The eminent doctor, poet, and essayist Oliver Wendell Holmes Sr., one of the magazine’s founders (it was Holmes who suggested the name The Atlantic), helped establish the magazine’s early popularity with his beloved series, The Autocrat of the Breakfast-Table, about a fictional Boston boardinghouse where residents engaged in wide-ranging philosophical discussions and witty repartee. One of Holmes’s Autocrat characters even gave Boston its enduring nickname, “The Hub,” declaring, “[The] Boston State-House is the hub of the solar system. You couldn’t pry that out of a Boston man, if you had the tire of all creation straightened out for a crowbar.”
Five months into the war, in “Bread and the Newspaper,” Holmes described the tense mood on the home front, marveling at how the nation’s burgeoning railroad networks were keeping the country in “perpetual intercommunication,” delivering “almost hourly paragraphs, laden with truth or falsehood as the case may be.”—Sage Stossel
|Oliver Wendell Holmes Sr., in an albumen silver print made in 1880 (James Notman/National Portrait Gallery)|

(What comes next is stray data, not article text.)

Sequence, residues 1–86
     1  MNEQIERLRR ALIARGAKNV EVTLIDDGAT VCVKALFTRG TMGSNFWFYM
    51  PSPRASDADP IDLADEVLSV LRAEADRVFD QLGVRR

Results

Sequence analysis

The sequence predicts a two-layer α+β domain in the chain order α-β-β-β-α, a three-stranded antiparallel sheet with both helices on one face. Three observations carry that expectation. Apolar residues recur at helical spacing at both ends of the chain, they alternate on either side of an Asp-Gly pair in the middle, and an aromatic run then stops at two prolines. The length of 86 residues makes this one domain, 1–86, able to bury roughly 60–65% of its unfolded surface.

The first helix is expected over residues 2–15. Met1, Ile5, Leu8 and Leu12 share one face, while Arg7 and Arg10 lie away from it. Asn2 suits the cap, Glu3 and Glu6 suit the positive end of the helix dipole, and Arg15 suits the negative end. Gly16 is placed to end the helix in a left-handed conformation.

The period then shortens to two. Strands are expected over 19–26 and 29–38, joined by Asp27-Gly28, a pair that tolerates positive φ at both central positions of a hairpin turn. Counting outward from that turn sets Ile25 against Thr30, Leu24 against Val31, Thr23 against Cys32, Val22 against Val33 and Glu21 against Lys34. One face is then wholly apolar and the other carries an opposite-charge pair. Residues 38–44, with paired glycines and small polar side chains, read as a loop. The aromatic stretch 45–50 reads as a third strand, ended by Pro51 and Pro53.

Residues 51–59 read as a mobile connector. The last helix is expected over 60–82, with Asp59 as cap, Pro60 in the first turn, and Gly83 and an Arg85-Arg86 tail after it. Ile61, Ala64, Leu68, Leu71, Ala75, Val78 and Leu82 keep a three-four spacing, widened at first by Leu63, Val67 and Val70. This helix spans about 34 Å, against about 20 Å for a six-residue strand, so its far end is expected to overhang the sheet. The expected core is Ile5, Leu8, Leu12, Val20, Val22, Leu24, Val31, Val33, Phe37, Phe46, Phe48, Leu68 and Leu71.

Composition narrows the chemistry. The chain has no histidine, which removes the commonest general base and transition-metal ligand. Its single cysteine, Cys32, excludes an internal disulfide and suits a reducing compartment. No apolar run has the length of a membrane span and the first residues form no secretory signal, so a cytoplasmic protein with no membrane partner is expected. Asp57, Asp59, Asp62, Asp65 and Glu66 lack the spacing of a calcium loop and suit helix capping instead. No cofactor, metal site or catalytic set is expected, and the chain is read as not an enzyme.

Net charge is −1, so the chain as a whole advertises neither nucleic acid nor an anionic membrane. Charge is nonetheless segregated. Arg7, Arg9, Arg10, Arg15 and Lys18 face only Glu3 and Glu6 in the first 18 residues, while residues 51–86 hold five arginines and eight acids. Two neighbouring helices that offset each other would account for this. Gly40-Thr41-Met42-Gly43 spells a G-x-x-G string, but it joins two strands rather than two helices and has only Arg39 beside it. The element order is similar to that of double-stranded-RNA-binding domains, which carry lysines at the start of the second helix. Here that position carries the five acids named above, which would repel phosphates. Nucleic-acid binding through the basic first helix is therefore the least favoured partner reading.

We all know what the war fever is in our young men,—what a devouring passion it becomes in those whom it assails. Patriotism is the fire of it, no doubt, but this is fed with fuel of all sorts. The love of adventure, the contagion of example, the fear of losing the chance of participating in the great events of the time, the desire of personal distinction, all help to produce those singular transformations which we often witness, turning the most peaceful of our youth into the most ardent of our soldiers. But something of the same fever in a different form reaches a good many non-combatants, who have no thought of losing a drop of precious blood belonging to themselves or their families. Some of the symptoms we shall mention are almost universal; they are as plain in the people we meet everywhere as the marks of an influenza, when that is prevailing.
The first is a nervous restlessness of a very peculiar character. Men cannot think, or write, or attend to their ordinary business. They stroll up and down the streets, they saunter out upon the public places …
Another symptom of our excited condition is seen in the breaking up of old habits. The newspaper is as imperious as a Russian Ukase; it will be had, and it will be read. To this all else must give place. If we must go out at unusual hours to get it, we shall go, in spite of after-dinner nap or evening somnolence. If it finds us in company, it will not stand on ceremony, but cuts short the compliment and story by divine right of its telegraphic despatches.